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GPO asked

Data warehousing latency minimization strategies

Hi All We have a strategy here of reporting off a replication of the live database. The idea is that when something changes on live, it can usually be reflected in reporting in a few seconds. I'm not sure this is the best strategy and it will become less appealing as time goes on. A few of our reports are starting to run very slowly because the data are optimized for transactions, not analysis. I'd like to be able to move a lot of our reporting to cubes but there's a perception here that there is too much latency between the cubes and the source transactional data (say a day to a week). The reality is that for 90% of reporting purposes here, they don't need the reporting data to be current to the minute, but it's like some sacred cow that they won't relinquish. I'm never going to win that argument. Where I might have some leverage though is if I could say that the cubes will be refreshed with minimal overhead every, say hour or two hours instead of once a week or overnight. Where can I get some good doco on how to reduce the lag between the cube and live data? What are the tradeoffs associated with keeping cubes current? What are your experiences?
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WilliamD answered
GPO, keeping cubes current is the bane of most dbas/devs that have to look after a BI implementation. You say that reporting runs currently against the OLTP system and this is causing performance problems. What would speak against setting up transactional replication to replicate all required tables to another machine. This would allow you to offload the reporting, freeing up the OLTP and allowing you to add indexes that support reporting to the replication target system. We use this setup quite successfully, but are looking at the next release of sql server for further improvments through database mirrors that are readable.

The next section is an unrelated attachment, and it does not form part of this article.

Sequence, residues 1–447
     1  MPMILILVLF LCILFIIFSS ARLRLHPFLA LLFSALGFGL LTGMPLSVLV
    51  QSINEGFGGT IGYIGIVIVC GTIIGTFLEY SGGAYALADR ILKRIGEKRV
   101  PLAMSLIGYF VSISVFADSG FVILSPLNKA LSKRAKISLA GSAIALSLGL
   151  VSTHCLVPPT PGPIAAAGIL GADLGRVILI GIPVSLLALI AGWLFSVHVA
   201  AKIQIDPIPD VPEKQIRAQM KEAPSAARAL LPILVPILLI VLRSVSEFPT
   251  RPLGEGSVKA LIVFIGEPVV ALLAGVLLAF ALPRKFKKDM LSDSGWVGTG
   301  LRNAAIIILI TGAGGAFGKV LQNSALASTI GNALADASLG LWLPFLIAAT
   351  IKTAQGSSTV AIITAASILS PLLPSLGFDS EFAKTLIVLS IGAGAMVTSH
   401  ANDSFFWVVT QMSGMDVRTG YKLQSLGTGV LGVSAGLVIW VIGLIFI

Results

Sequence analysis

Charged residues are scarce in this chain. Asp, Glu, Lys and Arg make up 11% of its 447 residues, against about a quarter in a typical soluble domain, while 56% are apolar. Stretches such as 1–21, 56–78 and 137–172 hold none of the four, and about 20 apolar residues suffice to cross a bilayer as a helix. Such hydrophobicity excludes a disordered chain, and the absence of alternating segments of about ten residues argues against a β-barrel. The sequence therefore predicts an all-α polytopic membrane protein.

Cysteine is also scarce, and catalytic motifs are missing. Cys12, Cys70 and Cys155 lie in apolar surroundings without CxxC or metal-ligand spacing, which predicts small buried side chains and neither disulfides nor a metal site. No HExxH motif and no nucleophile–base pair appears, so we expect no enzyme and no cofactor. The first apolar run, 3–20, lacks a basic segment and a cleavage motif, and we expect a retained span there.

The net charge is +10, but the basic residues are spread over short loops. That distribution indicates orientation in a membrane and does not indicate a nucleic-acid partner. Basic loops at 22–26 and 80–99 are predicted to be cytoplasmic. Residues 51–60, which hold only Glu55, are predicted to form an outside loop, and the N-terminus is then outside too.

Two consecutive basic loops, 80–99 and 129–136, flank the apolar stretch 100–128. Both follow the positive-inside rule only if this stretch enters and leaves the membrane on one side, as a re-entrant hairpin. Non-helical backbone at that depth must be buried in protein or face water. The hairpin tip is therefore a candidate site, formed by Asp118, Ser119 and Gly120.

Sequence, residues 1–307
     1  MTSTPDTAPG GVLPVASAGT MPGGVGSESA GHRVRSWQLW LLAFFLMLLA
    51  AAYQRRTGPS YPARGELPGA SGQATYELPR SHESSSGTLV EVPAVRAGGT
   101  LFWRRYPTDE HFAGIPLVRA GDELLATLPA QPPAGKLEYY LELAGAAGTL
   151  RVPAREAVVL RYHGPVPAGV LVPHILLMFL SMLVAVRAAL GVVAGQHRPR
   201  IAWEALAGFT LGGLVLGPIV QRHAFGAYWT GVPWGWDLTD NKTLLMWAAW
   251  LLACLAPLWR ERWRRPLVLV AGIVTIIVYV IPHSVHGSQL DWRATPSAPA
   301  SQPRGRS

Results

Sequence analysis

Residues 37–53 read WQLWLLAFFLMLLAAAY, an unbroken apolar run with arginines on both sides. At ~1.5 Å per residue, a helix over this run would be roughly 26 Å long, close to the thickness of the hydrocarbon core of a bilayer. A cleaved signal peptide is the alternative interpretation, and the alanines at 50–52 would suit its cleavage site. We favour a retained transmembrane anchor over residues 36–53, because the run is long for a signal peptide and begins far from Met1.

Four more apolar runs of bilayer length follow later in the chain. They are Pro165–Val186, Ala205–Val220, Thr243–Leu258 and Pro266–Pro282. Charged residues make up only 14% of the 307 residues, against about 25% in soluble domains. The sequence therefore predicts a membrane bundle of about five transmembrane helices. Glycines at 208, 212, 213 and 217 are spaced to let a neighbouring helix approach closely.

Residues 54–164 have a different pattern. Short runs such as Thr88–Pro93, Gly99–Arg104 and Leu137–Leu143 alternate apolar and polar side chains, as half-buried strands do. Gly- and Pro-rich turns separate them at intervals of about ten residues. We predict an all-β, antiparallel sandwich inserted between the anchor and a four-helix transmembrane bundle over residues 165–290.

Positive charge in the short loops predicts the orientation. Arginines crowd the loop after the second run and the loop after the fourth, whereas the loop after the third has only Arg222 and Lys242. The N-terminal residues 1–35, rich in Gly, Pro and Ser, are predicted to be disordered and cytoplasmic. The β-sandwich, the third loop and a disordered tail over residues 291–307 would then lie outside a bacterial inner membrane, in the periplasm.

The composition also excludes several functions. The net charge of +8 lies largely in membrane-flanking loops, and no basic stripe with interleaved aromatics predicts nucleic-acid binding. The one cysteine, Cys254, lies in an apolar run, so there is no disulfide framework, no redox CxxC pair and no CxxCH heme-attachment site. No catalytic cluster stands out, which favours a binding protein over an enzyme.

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WilliamD avatar image WilliamD commented ·
Writes to the replicated target can be slowed down by your read access of the data. Basically the replication is performing all write operations coming from the source (almost like a replay of the production system). If you have additional indexes, these will change how the replication writes work. By default, the indexes from the OLTP system will not be present on the replication target, so the replication writes will be running differently to the prod system anyway. Nolock will give dirty reads, but lower blocking. Depending on how heavy the load is on the replication target, this may benefit you. It depends on how willing you are to work with dirty pages (business decision, not personal opinion). We do not use nolock for the reason mentioned. We want clean data - that is a business decision, rather a little slower but right, than quick and maybe wrong. I suggest looking at the queries you have, the indexes on the replication target and the missing index dmvs to speed up those queries. Your indexing strategy will probably be different compared to the OLTP system, so don't necessarily take those indexes as a template.
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GPO avatar image GPO commented ·
@WilliamD. Thanks for taking the time to respond. No, I said we're already reporting of replicated live dbs. Because the data is not set up for reporting, the reports are generally a lot slower than they could be (and a lot slower to write for any newbies coming in too). Incidentally, (off topic I know) we're told to put (nolock) hints on all our queries that run off the replicated data because slow queries are (allegedly) a hindrance to replication. I have no idea whether this is correct, but forcing dirty reads on every query would seem to make a mockery of the conflicting desire to have data accurate up to the minute. Do you use (nolock) hints when reporting off your replicated data? Also incidentally, do large indexes slow down replication? How would I test this?
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